Arakan

The land that is known as Arakan by the foreigners is called Rakhaing-pray by its own people, Rakhaing-thar (Arakanese) who were titled this name in honour of preservation on their national heritage and ethics or morality.

Vesali described by the chronicles

Posted by Arakan Indobhasa Sunday, July 19, 2015

Vesali described by the chronicles
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The annals of the great cities in Rakhine history, the story and glory of Vesali has been well recorded. This great city lies about five miles north of Mrauk-U.

The city of Vesali was strategic sea-port in trade between India and central Myanmar. In Ananda Candra Stone Inscriptions inscribed in eight century A.D. of Vesali period, it is beautifully coined that "King Dven Candra founded the city that ridiculed the beauty of 'abode of celestial beings' (nat-pray) commemorating victory over one hundred and one kings."

Map of Vesali

Twenty successive kings ruled the kingdom from this city spanning from fourth to eight century A.D. For trade currency purposes, five sizes of gold and silver coins were used in the coins used earlier bore the titles of the ruling monarchs. As flourished in Vesali, pagodas were built, images of Lord Buddha sculpted, monasteries constructed and donated, and the use of Sanskrit became common and later used the official language.

Entering the area of old city from the south, one will first come across "Aboung-daw" lake. Close to it is Thun-kyat-taw pagoda atop 510-foot high hill. From the platform of the pagoda one can enjoy the bird's eye view of old Vesali city site.

The city wall s of Vesali are actually the palace city walls. In the compound of the palace city now locates Pi-pun-runn village. In it's centre, the site of the Palace, now lies the Vesali village on the Palace Heights. One can witness the broken bricks and other pieces scattered all around there.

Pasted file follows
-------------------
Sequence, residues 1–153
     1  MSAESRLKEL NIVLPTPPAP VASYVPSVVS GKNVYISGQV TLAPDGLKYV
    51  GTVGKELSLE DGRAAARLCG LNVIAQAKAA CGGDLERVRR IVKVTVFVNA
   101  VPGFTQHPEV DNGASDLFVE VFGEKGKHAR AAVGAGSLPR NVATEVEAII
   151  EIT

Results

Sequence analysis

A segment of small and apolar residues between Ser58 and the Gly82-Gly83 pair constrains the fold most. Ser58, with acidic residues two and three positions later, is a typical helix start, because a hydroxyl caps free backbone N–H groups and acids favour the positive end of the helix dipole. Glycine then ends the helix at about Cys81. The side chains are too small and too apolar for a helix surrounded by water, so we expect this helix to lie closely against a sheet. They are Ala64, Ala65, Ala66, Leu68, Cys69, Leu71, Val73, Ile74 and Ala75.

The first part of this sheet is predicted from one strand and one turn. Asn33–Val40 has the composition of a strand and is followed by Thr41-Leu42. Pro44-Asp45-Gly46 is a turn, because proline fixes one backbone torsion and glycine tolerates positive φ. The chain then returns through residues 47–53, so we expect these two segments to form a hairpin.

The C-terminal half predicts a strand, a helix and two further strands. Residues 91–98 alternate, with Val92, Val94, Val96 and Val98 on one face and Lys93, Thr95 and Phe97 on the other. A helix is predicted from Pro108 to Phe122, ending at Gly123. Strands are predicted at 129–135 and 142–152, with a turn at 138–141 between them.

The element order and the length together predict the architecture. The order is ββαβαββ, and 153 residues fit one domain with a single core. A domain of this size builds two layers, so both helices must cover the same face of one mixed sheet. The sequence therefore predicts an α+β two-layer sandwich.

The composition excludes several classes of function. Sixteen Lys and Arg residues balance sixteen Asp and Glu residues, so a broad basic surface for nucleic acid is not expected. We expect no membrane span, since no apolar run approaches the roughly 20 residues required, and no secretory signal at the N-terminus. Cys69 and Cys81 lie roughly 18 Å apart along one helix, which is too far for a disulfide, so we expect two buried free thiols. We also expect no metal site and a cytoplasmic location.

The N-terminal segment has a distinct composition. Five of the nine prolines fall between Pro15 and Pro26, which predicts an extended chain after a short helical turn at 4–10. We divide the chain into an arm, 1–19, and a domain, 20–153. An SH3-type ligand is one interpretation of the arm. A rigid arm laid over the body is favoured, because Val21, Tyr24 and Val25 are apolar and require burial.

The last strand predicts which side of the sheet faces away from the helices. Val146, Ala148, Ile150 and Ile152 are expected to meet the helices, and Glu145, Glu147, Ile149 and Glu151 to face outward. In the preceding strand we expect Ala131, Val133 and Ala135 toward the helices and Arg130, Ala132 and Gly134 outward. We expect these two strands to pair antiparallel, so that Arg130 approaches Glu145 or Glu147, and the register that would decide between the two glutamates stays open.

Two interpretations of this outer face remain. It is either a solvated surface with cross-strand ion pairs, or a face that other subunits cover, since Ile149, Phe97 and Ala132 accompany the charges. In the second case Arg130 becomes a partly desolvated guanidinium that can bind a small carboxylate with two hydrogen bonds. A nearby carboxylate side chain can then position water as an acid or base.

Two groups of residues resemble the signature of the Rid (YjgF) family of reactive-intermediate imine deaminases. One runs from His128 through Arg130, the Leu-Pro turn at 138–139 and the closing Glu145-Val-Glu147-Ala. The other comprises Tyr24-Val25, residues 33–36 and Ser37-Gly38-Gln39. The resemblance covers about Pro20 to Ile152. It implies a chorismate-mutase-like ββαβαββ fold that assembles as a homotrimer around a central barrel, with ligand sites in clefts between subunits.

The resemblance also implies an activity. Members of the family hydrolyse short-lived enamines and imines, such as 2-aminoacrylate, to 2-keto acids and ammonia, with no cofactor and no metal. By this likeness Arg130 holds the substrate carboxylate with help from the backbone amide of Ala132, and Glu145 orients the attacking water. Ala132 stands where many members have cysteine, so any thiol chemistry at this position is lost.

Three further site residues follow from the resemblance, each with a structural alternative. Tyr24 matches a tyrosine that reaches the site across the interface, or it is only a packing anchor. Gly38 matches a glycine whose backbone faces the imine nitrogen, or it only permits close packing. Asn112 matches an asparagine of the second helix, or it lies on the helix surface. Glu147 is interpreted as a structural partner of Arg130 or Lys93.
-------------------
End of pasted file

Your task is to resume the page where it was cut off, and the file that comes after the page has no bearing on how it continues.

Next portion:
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Half a mile north of the Palace Heights is the 17-foot high Vesali Buddha Image sculpted out of a boulder in 327 A.D., the year of founding the city. To the east of the image lies the 70-foot high Hill where Buddhist Synod took place in Vesali period. During the Vesali period, King Thiri Dhamma Wizaya sponsored the Buddhist Synod holding celebrations on this hill in 638 A.D. participating 1000 Bhikkhus from Sri Lanka and 1000 Bhikkhus from Vesali Rakhine Kingdom.

West of the Palace Heights is the Stone-stairs (jetty) of the port. With reference to these stone-stairs, the city was named Vesali, the Stone-stairs City".

The excavation of this old city was started in the year 1980 by the Myanmar Archaeology Department. On excavating Hill No. (1), the ruined religious structures, Hill No.(2), a ruined building measuring 70 feet and 50 feet in length and breath respectively, Hill No.(3), part of the buttocks of an ox in the crouching position made of stone were discovered and transferred to Mrauk-U museum.

On excavating Hill No(4), part of the city wall and sandstone inscriptions bearing Sansrit scripts, and Hill No(5), interior rooms of a building with measurements of 74 feet and 50 feet in length and breadth respectively and also an ordination hall with a stone plate used as the pillar in consecrating the ground were discovered. The ordination hall uncovered at Hill No.(5) is the most ancient type of its kind.

On the bank of Thari-chaung creek west of Vesali city is "Shun Kyaw" Buddha Image. This Image is famous next to Mahamuni Image in olden days. As the original Image was brought to Amarapura, the present Image casted in 1924 A.D. for substitution.

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Vesali Palace Heights
The Vesali city walls covers an area of 2.7 square miles. The walls of Vesali are that of Palace City at the centre of which lies the Palace Heights. At present, the Vesali village is located on the site and that the walls of Vesali can still be seen vividly.

When Hill No.(3) of Vesali was unearthed part of the buttocks of an ox in crouching position made of stone was found out. Now, it has been exhibited at Mrauk-U museum. At Hill No. (5), the interior rooms of a building measuring 74 feet in lengths and 50 feet in breadth and stone plates used in consecrating the gound to erect the ordination hall were unearthed.

Credit:
 Aung, Myar. Famous Monuments of Mrauk-U (Useful Reference for Tourists and Travelers). (2nd ed.). Yango

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